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HTML forms 101

iggredible profile image Igor Irianto Originally published at irian.to ・Updated on ・5 min read

When I was learning HTML, I struggled to understand how HTML forms work.

This post will cover HTML forms basics. Here are the things that will be covered:

  • What HTML form is
  • How to create a simple HTML forms
  • Form action and method
  • Label and input
  • Different form inputs

What HTML Form is

According MDN, form is an "element represents a document section containing interactive controls for submitting information."

In short, it allows users to submit information. It also gives this example:

<form action="" method="get" class="form-example">
  <div class="form-example">
    <label for="name">Enter your name: </label>
    <input type="text" name="name" id="name" required>
  </div>
  <div class="form-example">
    <label for="email">Enter your email: </label>
    <input type="email" name="email" id="email" required>
  </div>
  <div class="form-example">
    <input type="submit" value="Subscribe!">
  </div>
</form>

A basic working form

The code above is a bit verbose. Here is a sample of shorter, functioning HTML form:

<form method="POST" action="create">
  <label for="name">Name:</label>
  <input type="text" id="name" name="user_name">
  <button type="submit">Submit</button>
</form>

Let's go through it line-by-line. Check out the first line:

<form method="POST" action="create">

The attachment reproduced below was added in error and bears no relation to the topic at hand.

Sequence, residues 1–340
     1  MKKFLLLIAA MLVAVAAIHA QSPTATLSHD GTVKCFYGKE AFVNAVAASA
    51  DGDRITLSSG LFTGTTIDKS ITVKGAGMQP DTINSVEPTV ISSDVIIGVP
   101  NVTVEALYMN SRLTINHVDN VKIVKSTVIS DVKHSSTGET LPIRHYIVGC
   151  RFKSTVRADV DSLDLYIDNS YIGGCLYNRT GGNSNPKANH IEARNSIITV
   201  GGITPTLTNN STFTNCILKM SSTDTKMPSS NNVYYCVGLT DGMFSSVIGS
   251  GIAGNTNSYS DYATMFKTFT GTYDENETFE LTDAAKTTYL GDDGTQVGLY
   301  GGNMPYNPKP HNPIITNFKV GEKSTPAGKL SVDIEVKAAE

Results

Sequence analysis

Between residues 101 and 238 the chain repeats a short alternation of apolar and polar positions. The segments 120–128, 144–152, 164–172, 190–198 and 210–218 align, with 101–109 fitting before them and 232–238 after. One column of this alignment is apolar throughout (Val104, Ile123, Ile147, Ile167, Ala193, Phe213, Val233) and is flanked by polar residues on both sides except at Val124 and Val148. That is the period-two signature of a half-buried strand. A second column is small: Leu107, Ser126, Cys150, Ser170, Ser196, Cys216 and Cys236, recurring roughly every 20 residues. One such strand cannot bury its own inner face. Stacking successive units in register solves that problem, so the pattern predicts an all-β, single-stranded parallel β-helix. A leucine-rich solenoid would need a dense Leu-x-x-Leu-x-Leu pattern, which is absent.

It tells that the form will do a POST method. Notice that form element is a wrapper (like <footer> or <section>). Here it wraps a label, an input, and a button.

These two attributes are important in a form: an action and a method (I will cover them later). A form could technically work without having a method or action attribute, but if you are doing plain HTML form, it is good to include both action and method.

Let's go over then next 2 lines:

<label for="name">Name:</label>
<input type="text" id="name" name="user_name">

Label and input usually come together. A label describes its input counterpart. An input passes user input as form values. We will cover more later. Lastly, we hav a submit button:

<button type="submit">Submit</button>

When we give it a type="submit", every user inputs wrapped inside the form get submitted.

Form action and method

Let's go over method first. You will usually see two different form methods: GET and POST.

A GET performs a GET HTTP method. If you want to code along, just create an html file and copy the path in your browser (ex: /Users/iggy/my/path/to/this/html/index.html):

<!-- index.html -->
<form  action="" method="get">
  <label for="name">Name:</label>
  <input type="text" id="name" name="user_name">
  <button type="submit">Submit</button>
</form>

Btw, if we have "" (blank) action, we are telling our form to perform the HTTP request to the same URL. If I enter "test" as username and press submit, note that the URL changes to: form.html?user_name=test

Doing GET request on HTML form will pass user input into query params.

Cool! But what about POST method?

<!-- index.html -->
<form action="" method="POST">
  <label for="name">Name:</label>
  <input type="text" id="name" name="user_name">
  <button type="submit">Submit</button>
</form>

When we do POST request, it will perform POST HTTP request to the page you define inside "action". Since we have "" as action, it will do POST HTTP request into this page.

You can check out your form request inside dev tool. Open Chrome dev tool -> Network -> make sure "Filter" is on -> Click on Docs -> fill out the form and Submit. You'll see the request you just made.
If you look at the detail, you'll see, in the bottom, "Form Data" and it says "user_name: hello"

Bonus: you can use filter to search only for POST requests with "method:POST" in the search box (Check out this article for more detail).

HTML Post request